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Year : 2008  |  Volume : 26  |  Issue : 3  |  Page : 287

Mixed Salmonella infection

Department of Microbiology, Manipal Hospital, Airport Road, Bangalore - 560 017, Karnataka, India

Date of Submission02-Dec-2007
Date of Acceptance31-Dec-2007

Correspondence Address:
D Debdas
Department of Microbiology, Manipal Hospital, Airport Road, Bangalore - 560 017, Karnataka
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Source of Support: None, Conflict of Interest: None

DOI: 10.4103/0255-0857.42073

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How to cite this article:
Debdas D, Joshi S. Mixed Salmonella infection. Indian J Med Microbiol 2008;26:287

How to cite this URL:
Debdas D, Joshi S. Mixed Salmonella infection. Indian J Med Microbiol [serial online] 2008 [cited 2020 May 25];26:287. Available from:

Dear editor,

We have recently isolated both  Salmonella More Details enterica serovar Typhi and Salmonella enterica serovar Paratyphi A from a single blood culture. We present the details of this uncommon case.

A 22-year-old man presented on 22nd October 2007 with with high fever, pain abdomen and vomiting of one week's duration. There was no history of jaundice, diarrhoea or rash. Past history did not reveal any illnesses. On examination he was febrile (39C), there was no pallor, icterus or rash. The abdomen was soft, liver was palpable 1 cm below the right costal margin and spleen was just palpable. No abnormalities were detected in the cardiovascular, respiratory and nervous systems. He was diagnosed as a case of suspected enteric fever and a blood culture was requested.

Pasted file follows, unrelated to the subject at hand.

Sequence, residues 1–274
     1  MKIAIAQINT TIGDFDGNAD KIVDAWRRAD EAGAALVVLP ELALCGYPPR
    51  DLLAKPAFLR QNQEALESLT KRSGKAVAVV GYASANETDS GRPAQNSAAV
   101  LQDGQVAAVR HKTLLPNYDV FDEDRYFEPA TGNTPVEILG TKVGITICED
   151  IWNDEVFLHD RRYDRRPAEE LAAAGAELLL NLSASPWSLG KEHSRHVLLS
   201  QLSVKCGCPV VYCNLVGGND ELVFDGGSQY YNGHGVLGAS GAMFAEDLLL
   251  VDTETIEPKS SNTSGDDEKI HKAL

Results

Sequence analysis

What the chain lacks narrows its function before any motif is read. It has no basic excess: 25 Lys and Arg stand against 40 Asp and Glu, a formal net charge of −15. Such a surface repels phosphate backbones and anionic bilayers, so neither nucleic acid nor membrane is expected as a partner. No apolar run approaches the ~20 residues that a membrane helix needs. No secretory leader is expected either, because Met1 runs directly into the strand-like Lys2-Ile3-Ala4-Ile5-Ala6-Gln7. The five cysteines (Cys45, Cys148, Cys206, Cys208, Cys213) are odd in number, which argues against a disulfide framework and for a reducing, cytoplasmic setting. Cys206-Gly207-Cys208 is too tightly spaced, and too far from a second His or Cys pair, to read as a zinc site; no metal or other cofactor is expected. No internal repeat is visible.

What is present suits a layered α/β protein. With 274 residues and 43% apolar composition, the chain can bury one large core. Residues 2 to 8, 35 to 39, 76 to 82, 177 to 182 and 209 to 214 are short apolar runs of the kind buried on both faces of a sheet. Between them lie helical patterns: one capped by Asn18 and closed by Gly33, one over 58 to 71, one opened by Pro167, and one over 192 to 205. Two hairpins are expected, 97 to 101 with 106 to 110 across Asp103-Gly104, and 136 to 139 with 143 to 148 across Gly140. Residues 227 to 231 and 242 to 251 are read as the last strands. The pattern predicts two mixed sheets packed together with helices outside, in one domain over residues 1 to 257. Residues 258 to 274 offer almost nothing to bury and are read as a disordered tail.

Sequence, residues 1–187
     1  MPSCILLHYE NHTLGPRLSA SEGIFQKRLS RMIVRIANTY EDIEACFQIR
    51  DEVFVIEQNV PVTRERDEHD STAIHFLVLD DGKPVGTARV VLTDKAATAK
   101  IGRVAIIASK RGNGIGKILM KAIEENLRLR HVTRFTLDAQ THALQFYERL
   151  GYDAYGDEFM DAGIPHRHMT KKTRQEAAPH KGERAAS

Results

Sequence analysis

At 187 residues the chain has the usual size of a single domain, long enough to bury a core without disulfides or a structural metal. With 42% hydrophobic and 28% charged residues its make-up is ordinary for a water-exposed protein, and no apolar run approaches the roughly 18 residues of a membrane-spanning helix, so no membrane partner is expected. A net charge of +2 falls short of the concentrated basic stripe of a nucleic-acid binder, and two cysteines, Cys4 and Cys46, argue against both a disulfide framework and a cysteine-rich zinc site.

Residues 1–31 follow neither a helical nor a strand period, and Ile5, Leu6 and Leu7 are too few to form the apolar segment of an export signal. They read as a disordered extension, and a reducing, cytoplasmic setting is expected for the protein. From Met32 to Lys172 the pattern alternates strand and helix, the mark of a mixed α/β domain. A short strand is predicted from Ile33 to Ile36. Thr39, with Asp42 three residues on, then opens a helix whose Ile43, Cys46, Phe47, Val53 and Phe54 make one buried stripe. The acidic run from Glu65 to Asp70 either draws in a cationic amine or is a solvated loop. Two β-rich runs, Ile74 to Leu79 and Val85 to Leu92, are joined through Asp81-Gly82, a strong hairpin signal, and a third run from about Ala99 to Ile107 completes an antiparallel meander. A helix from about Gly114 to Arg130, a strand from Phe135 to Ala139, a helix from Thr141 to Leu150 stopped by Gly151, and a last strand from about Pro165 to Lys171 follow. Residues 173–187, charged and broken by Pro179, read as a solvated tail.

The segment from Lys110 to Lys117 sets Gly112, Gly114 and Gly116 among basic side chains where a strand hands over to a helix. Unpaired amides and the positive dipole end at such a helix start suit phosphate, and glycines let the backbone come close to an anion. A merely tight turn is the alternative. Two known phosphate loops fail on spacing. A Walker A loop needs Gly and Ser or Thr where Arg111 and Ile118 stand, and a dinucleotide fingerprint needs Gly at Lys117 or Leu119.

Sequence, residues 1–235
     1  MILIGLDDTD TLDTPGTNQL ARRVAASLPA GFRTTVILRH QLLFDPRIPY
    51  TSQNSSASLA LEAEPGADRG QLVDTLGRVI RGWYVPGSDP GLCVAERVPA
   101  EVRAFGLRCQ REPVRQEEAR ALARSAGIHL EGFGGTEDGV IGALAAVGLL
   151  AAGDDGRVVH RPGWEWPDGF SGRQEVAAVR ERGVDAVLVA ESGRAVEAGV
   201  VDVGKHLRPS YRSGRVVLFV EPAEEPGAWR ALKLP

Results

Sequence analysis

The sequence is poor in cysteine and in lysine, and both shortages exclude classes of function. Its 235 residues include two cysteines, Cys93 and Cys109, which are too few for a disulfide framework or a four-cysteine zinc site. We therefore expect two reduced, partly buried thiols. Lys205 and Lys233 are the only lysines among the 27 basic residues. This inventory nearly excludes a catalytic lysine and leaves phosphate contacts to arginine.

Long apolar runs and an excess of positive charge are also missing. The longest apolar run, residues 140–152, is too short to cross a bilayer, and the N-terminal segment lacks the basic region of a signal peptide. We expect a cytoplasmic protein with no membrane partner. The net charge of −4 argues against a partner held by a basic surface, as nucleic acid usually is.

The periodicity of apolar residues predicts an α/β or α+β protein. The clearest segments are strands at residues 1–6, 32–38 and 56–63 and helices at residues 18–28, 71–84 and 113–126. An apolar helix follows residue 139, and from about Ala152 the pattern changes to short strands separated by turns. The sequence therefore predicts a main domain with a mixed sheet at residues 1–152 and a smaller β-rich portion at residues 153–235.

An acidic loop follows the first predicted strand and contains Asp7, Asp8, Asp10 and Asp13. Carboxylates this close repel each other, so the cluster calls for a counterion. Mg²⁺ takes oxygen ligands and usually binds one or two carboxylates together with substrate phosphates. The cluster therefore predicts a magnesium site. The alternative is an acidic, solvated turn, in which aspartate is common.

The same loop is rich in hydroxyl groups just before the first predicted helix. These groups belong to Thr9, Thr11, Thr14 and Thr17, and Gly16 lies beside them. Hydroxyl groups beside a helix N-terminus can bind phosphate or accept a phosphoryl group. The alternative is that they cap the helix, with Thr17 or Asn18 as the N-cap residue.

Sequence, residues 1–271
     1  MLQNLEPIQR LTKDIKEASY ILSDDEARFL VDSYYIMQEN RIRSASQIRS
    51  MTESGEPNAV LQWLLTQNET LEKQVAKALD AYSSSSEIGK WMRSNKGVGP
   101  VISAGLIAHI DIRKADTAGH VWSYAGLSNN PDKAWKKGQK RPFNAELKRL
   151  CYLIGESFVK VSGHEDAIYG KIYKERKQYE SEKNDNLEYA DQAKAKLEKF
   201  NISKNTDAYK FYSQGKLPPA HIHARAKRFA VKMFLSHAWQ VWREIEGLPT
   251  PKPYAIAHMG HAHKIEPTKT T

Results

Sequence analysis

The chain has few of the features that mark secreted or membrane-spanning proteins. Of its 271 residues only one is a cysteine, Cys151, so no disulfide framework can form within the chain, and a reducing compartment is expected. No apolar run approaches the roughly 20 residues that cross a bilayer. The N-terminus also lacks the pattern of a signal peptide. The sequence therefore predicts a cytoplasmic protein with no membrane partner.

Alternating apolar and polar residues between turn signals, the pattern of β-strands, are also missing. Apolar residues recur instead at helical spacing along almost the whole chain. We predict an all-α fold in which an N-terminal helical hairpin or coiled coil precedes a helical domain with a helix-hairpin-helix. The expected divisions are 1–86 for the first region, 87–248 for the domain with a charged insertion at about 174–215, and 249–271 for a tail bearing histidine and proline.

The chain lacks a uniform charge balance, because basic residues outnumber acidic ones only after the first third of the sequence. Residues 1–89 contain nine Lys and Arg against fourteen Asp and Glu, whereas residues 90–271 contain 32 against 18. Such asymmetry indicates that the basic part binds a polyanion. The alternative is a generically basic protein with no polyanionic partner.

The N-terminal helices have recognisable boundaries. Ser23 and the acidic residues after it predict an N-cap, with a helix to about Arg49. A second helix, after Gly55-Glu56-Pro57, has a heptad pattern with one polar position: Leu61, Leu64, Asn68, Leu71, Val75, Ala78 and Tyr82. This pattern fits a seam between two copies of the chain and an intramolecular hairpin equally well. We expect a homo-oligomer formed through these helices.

Blood culture was done using the BacT/ ALERT FA aerobic bottle (bioMιrieux). When the bottle was flagged positive by the system, a Gram stain was done from the bottle which revealed Gram negative bacilli. Subculture was done on 5% sheep blood agar and MacConkey's agar, and a direct sensitivity testing and biochemical identification set (the standard tests including TSI) was inoculated directly from the bottle. After overnight incubation, the TSI showed the presence of slight H 2 S and gas. This alerted us to the possibility of a mixed culture. Further reincubation of the subculture plates showed two different types of colonies - large and small nonlactose fermenters. These independently gave the reactions for Salmonella enterica serovar Typhi and Salmonella enterica serovar Paratyphi A respectively and also agglutinated with the corresponding antisera. Both isolates had the same antibiogram (sensitive to ampicillin, chloramphenicol, cotrimoxazole, ciprofloxacin, ceftriaxone and resistant to nalidixic acid). The patient was treated with oral ciprofloxacin for 14 days and responded well.

Simultaneous infection with different Salmonella serotypes is an unusual finding and rarely reported. [1],[2],[3] Although enteric fever is endemic in India, mixed infections are not reported often. Perera et al , have suggested that prior antibiotic therapy and limited use of blood cultures may be some of the reasons for missing mixed infections. The present communication highlights the possibility of mixed Salmonella infections in suspected enteric fever patients and the need to be vigilant to identify them.

 ~ References Top

1.Joshi S, Wattal C, Sharma A, Prasad KJ. Mixed Salmonella infection: A case report. Indian J Med Microbiol 2002;20:113-4.  Back to cited text no. 1    
2.Devi JN, Rao PV, Shivananda PG. Enteric fever due to double Salmonella serotypes. Indian J Pathol Microbiol 1986;29:209-10.  Back to cited text no. 2    
3.Perera N, Geary C, Wiselka M, Rajakumar K, Swann RA. Mixed Salmonella infection: Case report and review of the literature. J Travel Med 2007;14:134-5  Back to cited text no. 3    

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